“…we are all going direct to Heaven…”
(Written fifteen months into our “luxury camping” experience.)
My mother once told me: “Happiness isn’t necessarily at the end of a hard decision.” She was correct to specify “necessarily…” (She also told me Saint Germaine incarnated as a poodle and peed on George Bush’s foot. You had to separate the wheat from the chaff with Ma.) Moving to Costa Rica was one of those hard decisions. With all our circumstances pointing the way out of the US, it was still difficult to let go of the land of our birth. Even as recently as a few weeks ago I mentioned to Babe while we were driving that we’d have to borrow Winter clothes if we ever want to take a vacation in snow country again. My Hawaiian Babe said, and I quote, “Fuck snow. You’re never seeing that shit again!”
R-r-r-rip! I nearly swerved into a ditch.
What? Huh? I hadn’t counted on that when we left the States and it came as quite a shock to realize it may be true. No more snow? I grew up with snow! After I calmed down, I thought: Yeah. Who needs snow and frozen feet any more?
It’s been intermittently sunny, clear, warm, thunderous, rainy, windy and chilly the last couple days. After fifteen months, our residency papers still aren’t ready but there’s hope they will be with-in 30 days. With the advent of some unexpected expenses, money is tight again. We don’t go to restaurants any more, or indeed, even go off the mountain except for supplies. Going to the bar is our sole extravagance, where I play pool and drink coffee with whiskey while Babe plays penny-ante online poker. Some of our neighbors do the same, and we all have a good time. We joke and laugh and say stupid or wise things. The music plays and a hundred toads sing in croaky counter-point. News is passed from one person to the next. The cue ball flies off the table…
And sometimes there’s gossip. Did you hear about so-and-so? He was arrested for drinking 100 beers and skinny-dipping in someone’s pool.
So what’s wrong with that? He then drove away in someone else’s car. Upon hindsight, as they hauled him off to jail, he probably thought it wasn’t such a good idea after all.
Yesterday I caught three talapias for dinner. Okay one was a suicide (it jumped out of the tank), and some helpful Tico workers showed me how to catch the other two, and how to hang them on a stick for carrying. We grabbed salad vegetables and herbs from the community food table, added a bottle of Malbec and a fresh loaf of sourdough bread Mr. Underdog made for us and Babe put together a delicious dinner.
At the moment I’m sitting next to our fire pit—contemplating whether I should make a fire. The weather is overcast, comfortable and calm. Lowland visibility is clear to the horizon. The view is every shade of green with a spattering of yellow and three ribbons of shimmering rivers emptying into the blue Pacific. Isle de Caño is a sharply defined bump in the ocean. Spanish Caravan plays in the background. Next to me is a cup of coffee and a beer. As the sun descends it floods the landscape with orange highlights. A hill in the distance turns golden, then back to old forest green. A cloud is wrapped in rosy pink swathes of the sunset. A thick, gray mist encroaches from the east as the west explodes with ember-colored thunderheads moving quickly south to north. The sun pushes the greens, grays and soft blues of the ocean along the surface as it sets—smearing the water with currents in pastel colors. I can almost hear it sizzle as it slides off the Terraba river into the ocean. Sheets of dark rain reach the horizon…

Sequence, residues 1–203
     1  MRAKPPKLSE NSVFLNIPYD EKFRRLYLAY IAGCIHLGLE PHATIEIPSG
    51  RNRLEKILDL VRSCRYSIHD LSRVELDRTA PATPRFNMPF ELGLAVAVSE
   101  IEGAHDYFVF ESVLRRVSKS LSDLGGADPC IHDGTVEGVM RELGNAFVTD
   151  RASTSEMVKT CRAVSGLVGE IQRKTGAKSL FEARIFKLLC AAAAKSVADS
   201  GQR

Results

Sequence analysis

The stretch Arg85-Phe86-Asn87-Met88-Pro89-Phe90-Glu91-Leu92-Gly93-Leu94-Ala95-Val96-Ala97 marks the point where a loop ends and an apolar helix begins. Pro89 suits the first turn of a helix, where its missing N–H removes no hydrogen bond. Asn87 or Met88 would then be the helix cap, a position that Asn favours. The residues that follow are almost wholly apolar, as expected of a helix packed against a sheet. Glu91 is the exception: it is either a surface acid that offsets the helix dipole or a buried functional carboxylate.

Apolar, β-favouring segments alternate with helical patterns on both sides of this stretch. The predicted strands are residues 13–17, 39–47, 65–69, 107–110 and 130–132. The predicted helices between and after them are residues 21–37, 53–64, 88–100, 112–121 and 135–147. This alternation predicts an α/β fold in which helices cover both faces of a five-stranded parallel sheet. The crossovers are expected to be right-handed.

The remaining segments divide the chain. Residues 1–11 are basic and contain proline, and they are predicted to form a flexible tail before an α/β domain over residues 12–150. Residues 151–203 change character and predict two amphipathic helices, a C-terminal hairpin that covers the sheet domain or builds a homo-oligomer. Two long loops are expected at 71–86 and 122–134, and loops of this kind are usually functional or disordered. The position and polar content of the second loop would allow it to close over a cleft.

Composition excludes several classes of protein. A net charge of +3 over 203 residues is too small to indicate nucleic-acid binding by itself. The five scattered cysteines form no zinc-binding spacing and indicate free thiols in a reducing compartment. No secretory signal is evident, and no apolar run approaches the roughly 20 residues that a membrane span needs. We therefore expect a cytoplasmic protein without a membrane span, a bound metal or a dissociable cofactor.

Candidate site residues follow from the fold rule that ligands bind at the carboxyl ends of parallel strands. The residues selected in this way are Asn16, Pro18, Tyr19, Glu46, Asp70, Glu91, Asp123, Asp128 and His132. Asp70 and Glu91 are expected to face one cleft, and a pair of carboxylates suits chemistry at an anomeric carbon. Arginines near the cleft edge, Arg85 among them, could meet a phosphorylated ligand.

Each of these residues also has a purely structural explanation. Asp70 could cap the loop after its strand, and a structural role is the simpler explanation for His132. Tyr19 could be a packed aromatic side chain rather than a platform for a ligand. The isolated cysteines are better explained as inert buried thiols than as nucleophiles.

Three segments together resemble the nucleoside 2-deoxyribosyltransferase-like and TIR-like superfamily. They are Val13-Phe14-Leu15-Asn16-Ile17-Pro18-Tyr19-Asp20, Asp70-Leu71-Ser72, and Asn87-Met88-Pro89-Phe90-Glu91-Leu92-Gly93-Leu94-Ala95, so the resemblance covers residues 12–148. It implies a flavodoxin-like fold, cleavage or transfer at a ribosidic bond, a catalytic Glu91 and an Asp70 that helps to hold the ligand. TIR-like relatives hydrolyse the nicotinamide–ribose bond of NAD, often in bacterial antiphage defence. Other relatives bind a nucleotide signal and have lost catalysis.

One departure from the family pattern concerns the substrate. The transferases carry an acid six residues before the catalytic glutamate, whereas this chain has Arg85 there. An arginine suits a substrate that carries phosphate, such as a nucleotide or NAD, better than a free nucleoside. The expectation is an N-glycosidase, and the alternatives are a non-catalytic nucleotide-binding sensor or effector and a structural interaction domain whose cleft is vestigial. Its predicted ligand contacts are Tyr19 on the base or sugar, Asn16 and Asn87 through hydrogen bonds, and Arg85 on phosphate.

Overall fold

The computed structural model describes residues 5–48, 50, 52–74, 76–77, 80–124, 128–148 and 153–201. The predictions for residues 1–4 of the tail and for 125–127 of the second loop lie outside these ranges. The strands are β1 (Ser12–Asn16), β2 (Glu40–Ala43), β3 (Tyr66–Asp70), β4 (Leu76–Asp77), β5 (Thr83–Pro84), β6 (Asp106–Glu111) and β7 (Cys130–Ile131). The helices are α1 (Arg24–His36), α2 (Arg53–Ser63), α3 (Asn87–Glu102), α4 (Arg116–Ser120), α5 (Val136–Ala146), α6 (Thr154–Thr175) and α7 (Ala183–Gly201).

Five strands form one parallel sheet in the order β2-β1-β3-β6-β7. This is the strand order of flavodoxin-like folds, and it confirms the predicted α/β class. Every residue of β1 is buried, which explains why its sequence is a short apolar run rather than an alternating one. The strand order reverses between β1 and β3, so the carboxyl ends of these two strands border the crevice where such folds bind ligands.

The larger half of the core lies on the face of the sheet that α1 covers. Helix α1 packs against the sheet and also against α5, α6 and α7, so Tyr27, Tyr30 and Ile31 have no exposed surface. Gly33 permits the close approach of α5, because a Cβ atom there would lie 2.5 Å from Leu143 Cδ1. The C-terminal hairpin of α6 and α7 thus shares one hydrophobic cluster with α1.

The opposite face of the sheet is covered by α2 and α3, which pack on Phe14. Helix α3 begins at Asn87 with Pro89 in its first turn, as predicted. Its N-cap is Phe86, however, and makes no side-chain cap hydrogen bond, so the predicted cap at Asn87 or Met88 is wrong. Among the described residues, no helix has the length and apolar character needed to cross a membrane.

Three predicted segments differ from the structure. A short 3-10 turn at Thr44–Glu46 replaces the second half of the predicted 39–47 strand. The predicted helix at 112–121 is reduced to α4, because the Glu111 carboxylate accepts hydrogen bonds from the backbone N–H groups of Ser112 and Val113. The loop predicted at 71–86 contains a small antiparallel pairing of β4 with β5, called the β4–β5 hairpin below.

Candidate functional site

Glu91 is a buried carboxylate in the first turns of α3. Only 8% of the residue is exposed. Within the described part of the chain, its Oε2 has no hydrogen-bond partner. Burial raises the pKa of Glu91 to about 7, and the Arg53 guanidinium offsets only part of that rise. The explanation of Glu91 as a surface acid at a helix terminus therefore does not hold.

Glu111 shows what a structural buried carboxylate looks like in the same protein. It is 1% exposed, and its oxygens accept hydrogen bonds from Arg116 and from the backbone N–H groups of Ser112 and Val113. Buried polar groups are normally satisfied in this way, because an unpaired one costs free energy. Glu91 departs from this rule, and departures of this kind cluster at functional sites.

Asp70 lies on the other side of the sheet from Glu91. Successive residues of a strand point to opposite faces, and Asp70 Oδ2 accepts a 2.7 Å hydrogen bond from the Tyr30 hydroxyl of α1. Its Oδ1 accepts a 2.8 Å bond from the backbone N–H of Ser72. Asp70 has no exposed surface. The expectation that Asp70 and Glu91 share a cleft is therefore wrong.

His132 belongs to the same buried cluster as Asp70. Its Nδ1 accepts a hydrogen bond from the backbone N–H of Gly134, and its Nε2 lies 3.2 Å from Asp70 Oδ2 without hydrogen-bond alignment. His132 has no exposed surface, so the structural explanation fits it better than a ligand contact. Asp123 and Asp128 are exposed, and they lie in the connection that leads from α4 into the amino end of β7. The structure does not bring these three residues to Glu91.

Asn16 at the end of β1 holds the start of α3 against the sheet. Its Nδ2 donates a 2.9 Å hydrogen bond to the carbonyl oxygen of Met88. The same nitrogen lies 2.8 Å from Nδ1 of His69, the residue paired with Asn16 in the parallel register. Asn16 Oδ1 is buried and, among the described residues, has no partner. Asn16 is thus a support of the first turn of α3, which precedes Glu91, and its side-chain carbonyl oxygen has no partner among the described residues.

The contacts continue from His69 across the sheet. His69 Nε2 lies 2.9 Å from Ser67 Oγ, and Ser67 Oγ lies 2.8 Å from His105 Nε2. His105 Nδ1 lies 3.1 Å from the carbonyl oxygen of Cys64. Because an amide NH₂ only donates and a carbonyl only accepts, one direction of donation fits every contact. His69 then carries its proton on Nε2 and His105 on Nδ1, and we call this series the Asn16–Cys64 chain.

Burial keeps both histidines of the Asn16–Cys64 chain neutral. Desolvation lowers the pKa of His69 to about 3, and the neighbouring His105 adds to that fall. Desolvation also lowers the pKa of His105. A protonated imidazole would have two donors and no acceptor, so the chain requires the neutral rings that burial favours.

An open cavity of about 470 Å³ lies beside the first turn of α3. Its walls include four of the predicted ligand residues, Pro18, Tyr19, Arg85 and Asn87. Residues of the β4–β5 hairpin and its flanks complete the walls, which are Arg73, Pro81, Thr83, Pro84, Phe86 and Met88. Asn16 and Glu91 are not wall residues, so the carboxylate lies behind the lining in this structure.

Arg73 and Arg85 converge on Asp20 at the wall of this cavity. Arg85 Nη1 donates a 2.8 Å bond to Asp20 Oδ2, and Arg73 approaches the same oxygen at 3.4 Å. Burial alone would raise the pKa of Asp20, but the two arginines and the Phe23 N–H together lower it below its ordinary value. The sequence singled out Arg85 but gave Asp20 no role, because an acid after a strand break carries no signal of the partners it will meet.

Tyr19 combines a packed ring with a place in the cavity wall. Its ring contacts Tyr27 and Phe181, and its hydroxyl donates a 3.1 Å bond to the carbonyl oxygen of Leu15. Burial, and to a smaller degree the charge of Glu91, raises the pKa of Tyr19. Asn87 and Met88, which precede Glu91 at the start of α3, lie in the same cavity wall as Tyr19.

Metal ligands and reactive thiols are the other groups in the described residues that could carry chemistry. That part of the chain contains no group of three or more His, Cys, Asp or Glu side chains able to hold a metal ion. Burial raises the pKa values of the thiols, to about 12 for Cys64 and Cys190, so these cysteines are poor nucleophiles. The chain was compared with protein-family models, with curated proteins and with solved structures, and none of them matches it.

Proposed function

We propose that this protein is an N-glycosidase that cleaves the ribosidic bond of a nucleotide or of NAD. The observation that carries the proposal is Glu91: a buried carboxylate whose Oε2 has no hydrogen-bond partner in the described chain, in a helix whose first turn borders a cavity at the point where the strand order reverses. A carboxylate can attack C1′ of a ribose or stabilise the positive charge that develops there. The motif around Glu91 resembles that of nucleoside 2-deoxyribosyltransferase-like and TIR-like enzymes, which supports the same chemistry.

Yes, I decide, it’s a good night for a bonfire.
And I know as I sit here, Ma, that you were right. Happiness isn’t necessarily at the end of a hard decision, but sometimes it is.
Rules of Costa Rica
Rule Number Fourteen: Don’t expect good directions.
The most common phrase of the GPS device we rented was: Go 300 meters and make a U-turn. At one point it asked us to get on the highway where there was no entrance, insisting we make 18 about-faces until we accidentally found the road ourselves (and acted as if it were correct the whole time). For ten bucks a day who needs this abuse? Mostly you’re guided to landmarks—or where a landmark used to be, maybe four generations ago.
The following is a nearly perfect transcription of a conversation Babe had on the phone with a receptionist at a hotel we were trying to find in San Jose (a place with few street signs and fewer house numbers), who had advised us to call for directions when we were nearby.
Babe: “Hola!” (Blah-blah-blah) “…we’re in town. Can you guide us to your front door?”
Reception: “Ah… uh… yes. Is dificil.” Pause.
Longer pause. “What did he say?” Babe asked.
“He said it’s difficult—”
Reception: “You know there are not [sic] tall buildings in Costa Rica?”
Babe looked to me for help. I had been behind the wheel for seven hours and not in the mood for trick questions. I shrugged and kept driving in the hopes of accidentally finding the place, or a descriptive landmark, or a sign saying I was still in Central America.
Babe (into phone): “Ok-a-a-ay…”
Reception: “Yes, so, yes. Do you see any tall buildings near you?”
What, did he think we drove to Manhattan? Ultimately, he suggested we follow a taxi.